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Topic 1: Systems and Models For IB ExamOrange Further Research/ ExamplesGreen Random Facts Purple Exact DefinitionsRed a General

Topic Notes: * This topic is best viewed as a theme to be used in the delivery of other to pics within ESS * This approach stresses that there are concepts, techniques, and terms that can be transferred from one discipline (such as ecology) to another (such as eng ineering) * Similarities between environmental systems, biological systems and artifici al entities such as transport and communication systems * Any diagram that describes a specific thing is called a model. A flow chart , is a model of how something works. Models cannot be perfect. So you say "this model emphasises..."not"this model shows". * Models * A simplified description designed to show the structure or workings of a n object, system or concept.

Syllabus Notes (to be read in conjunction with the syllabus): 1.1.1 Concept and Characteristics of a System: * A system is an assemblage of parts that work together to form a functioning whole * Systems can be small or large * There are many kinds of systems; ecosystems, economic, social and value sys tems. * Open, closed and isolated systems exist in theory though most living system s are open systems * The first and second laws of thermodynamics and the concepts of positve and negative feedback mechanisms apply to both living and non-living systems * Most living systems are in a steady state of equilibrium, not a static one (though they may be stable or unstable) * Material and energy undergo transfers and transformations in flowing from o ne storage to the next. 1.1.2 Systems on Different Scales A cell is a system, as is a bicycle, a car, a pond, an ocean, an iPod, a compute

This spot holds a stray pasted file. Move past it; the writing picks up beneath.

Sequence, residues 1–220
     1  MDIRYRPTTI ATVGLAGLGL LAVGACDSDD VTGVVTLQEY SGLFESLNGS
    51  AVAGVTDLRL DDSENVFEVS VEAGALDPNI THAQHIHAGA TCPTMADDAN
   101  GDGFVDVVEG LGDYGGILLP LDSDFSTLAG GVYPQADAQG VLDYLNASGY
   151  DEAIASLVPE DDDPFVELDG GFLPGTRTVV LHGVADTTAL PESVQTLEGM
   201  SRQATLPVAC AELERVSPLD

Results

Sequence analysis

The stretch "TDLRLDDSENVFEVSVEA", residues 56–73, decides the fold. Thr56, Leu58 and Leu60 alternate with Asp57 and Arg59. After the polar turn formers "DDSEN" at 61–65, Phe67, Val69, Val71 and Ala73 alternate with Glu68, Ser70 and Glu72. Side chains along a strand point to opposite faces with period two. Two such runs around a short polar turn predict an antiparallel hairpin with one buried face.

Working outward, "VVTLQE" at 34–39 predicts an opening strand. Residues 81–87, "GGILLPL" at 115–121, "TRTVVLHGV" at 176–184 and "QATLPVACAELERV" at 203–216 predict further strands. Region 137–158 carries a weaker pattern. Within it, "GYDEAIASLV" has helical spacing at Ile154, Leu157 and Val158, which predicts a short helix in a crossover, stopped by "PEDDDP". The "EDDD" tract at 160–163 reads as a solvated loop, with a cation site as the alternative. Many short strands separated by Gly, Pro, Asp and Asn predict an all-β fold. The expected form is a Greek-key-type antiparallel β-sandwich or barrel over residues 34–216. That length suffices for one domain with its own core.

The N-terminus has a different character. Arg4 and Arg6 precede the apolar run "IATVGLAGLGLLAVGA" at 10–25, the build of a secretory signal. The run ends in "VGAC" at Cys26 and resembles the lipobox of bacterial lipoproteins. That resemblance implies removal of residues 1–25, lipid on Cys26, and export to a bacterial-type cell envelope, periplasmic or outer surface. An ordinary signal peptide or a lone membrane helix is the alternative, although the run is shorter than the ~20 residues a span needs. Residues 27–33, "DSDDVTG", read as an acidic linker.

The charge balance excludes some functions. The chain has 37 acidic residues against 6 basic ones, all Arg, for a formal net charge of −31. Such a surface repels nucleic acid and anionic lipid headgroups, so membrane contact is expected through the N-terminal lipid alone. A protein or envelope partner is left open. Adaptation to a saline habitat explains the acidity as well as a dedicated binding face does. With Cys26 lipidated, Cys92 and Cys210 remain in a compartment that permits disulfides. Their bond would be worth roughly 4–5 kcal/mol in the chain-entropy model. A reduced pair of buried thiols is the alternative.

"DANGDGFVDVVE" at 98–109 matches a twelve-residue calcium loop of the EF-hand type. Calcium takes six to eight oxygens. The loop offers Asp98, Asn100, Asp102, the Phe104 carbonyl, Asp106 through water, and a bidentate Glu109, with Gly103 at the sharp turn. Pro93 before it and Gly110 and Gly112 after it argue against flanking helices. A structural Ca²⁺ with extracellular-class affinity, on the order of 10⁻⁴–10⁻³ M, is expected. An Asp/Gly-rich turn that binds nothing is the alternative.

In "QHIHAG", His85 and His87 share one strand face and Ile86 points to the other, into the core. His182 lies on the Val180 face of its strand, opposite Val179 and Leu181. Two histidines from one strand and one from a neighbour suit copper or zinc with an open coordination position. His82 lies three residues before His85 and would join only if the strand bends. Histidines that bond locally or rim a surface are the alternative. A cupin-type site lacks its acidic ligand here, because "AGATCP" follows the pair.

r, a home, a farm. The systems concept can be applied to a drop of pond water (small-scale ecosyste m) to a biome (see: biomes) to an abstract concept or way of looking at the worl d, such as the Gaia example. 1.1.3 Open, closed and isolated systems exist in theory though most living systems are open systems Open system An open system exchanges matter and energy with it's surroundings e.g an ecosyst em, human body Example, forest ecosystem:Plants fix energy from light entering the system durin g photosynthesis. Nitrogen from the air is fixed by soil bacteria. Herbivores th at live within the forest may graze in adjacent ecosystems such as a grassland, but when they return they enrich the soil with faeces. After a forest fire, tops oil may be removed by wind and rain. Mineral nutrients are leached out of the so il and transported in groundwater to streams and rivers. Water is lost through e vaporation and transpirations from plants. Heat is exchanged with the surroundin g environment across the boundaries of the forest. Closed system A closed system exchanges energy but not matter. The biosphere experiment was an attempt to model this. Strictly, closed systems do not occur naturally on Earth, but all the global cyc les of matter (e.g water and nitrogen cycles) approximate to closed systems Isolated System An isolated system exchanges neither matter nor energy. No such systems exist (with the possible exception of the entire cosmos) 1.1.4 Thermodynamics The first and second laws of thermodynamics apply to both living and non-living systems. -The first law concerns the conservation of energy. It states that energy is nei ther created nor destroyed. All that can happen is that the form the energy take s changes. In a food chain, energy enters the system as light energy. During pho tosynthesis it is converted to stored chemical energy (glucose). It is the store d chemical energy that is passed along as food. No new energy is created. SO BAS ICALLY: Light to stored chemical energy by photosynthesis and then transferred a s chemical energy from the tree to the caterpillar. - The second law states that the entropy of an isolated system not in equilibriu m will tend to increase over time. What this really means is that energy convers ions are never 100% efficient. When energy is transformed into work, some energy is alwaysdissipated (lost to the environment) as waste heat.Entropy refers to t he spreading out or dispersal of energy. As energy is dispersed on the environme nt, there will always be a reduction in the amount of energy passed on to the ne xt trophic level. This can be thought of as a simple word equation: energy= work + heat (and other wasted energy) 1.1.5 Equilibria Most living systems are in a steady state of equilibrium, not a static one (thou